In 1882, dismembered human remains were discovered at a lonely campsite called the Sinkings near Albany, Western Australia. The surgeon conducting the autopsy claimed the remains were those of a woman. Why, then, was the victim identified as Little Jock, a sandalwood-cutter and former convict? And why was the murder so brutal, so gruesome? More than a hundred years later, Willa Samson embarks on a search to find out why in this novel. A recluse after having lost her daughter, Willa is drawn back into the world as she negotiates and researches various archives, communicates with family historians, and journeys to Scotland, Northern Ireland, and England, looking for clues to her questions. The Sinkings is a story within a story, the portrayal of a figure from the margins of history embedded within a contemporary narrative of a mother's guilt and grief. Beautifully crafted, this novel deals with the dilemma confronting parents of an intersexed child and of coming to terms with gender identification. While the book is a work of fiction, the discovery of Little Jock's remains and the controversy surrounding their identification are actual events.
On May 7th, 1915 a passenger ship crossing the Atlantic sank with the loss of 1200 lives. On board were some world-famous figures, including multimillionaire Alfred Vanderbilt. But this wasn't the Titanic and there was no iceberg. The liner was the Lusitania and it was torpedoed by a German U-boat. Wilful Murder is the hugely compelling story of the sinking of the Lusitania. The first book to look at the events in their full historical context, it is also the first to place the human dimension at its heart. Using first-hand accounts of the tragedy Diana Preston brings the characters to life, recreating the splendour of the liner as it set sail and the horror of its final moments. Using British, American and German research material she answers many of the unanswered and controversial questions surrounding the Lusitania: why didn't Cunard listen to warnings that the ship would be a target of the Germans? Was the Lusitania sacrificed to bring the Americans into the War? What was really in the Lusitania's hold? Was she armed? Had Cunard's offices been infiltrated by German agents? And did the Kaiser's decision to cease unrestricted U-boat warfare in response to international outrage expressed after the sinking effectively change the outcome of the First World War? Highly readable, highly researched Wilful Murder casts dramatic new light on one of the world's most famous maritime disasters.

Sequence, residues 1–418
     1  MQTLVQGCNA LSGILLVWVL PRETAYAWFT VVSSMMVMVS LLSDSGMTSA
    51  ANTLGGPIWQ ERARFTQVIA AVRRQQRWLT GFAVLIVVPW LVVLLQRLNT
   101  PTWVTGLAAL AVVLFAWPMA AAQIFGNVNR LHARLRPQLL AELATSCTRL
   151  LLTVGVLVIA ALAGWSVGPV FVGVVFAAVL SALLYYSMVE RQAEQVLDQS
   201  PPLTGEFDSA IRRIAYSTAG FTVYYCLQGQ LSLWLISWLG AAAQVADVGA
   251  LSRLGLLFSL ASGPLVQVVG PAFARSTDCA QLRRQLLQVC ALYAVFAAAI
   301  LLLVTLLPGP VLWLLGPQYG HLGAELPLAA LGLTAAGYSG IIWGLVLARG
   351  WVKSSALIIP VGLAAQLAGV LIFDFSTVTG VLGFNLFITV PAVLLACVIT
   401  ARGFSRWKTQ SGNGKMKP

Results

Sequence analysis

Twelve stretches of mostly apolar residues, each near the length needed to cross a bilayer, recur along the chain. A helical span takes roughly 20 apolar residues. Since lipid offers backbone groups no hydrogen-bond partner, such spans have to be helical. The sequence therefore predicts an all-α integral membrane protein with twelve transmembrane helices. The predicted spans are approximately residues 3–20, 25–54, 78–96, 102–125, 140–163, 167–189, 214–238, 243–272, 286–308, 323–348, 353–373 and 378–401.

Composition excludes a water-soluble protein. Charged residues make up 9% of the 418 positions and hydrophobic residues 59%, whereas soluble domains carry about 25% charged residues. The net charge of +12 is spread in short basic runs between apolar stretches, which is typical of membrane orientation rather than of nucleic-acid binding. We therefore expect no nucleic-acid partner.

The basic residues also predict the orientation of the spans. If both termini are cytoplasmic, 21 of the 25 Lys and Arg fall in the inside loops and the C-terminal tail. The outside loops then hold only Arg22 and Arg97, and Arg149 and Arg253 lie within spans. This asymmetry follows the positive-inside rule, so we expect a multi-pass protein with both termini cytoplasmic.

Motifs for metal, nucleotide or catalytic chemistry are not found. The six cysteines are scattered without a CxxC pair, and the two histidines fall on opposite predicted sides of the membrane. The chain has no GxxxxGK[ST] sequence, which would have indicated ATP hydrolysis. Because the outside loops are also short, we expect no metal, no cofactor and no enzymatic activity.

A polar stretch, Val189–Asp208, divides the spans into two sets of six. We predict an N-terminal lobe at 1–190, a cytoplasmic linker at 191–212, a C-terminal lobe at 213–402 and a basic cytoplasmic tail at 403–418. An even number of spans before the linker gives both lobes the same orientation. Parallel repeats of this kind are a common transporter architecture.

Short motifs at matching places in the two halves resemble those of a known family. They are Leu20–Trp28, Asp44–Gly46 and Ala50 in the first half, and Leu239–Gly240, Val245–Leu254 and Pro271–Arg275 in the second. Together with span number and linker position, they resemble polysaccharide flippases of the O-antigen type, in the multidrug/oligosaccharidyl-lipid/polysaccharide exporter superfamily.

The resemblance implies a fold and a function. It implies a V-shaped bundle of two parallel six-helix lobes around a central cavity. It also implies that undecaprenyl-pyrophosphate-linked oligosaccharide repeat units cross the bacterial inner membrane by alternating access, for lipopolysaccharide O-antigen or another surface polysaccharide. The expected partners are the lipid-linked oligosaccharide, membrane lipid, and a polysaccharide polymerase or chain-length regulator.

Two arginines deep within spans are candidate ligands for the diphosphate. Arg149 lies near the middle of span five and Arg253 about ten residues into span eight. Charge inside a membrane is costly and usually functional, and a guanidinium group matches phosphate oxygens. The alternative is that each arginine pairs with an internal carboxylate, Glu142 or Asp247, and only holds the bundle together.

On the third day of the war with Japan, two Royal Navy capital ships were sunk off Malaya by air torpedo attack. They had not requested the air support that could have saved them and 840 men died in the battleship HMS Prince of Wales and the battle cruiser HMS Repulse. The authors re-create for the reader not only what happened, but also what it was like for the men involved. They dispose of several myths to explain the events of those confused hours, and address the uncertainty, controversy and strong emotions that surrounded the militarily disastrous sinkings.
Few human events have stirred the imagination, inspired myths and movies and had such a hold upon the weste world as the sinking of the unsinkable ship, the RMS Titanic. In his convincing analysis of the facts and evidence, experienced ice-pilot Captain Marmaduke Collins comes up with an intriguing new interpretation of what happened on the Titanic's fateful night.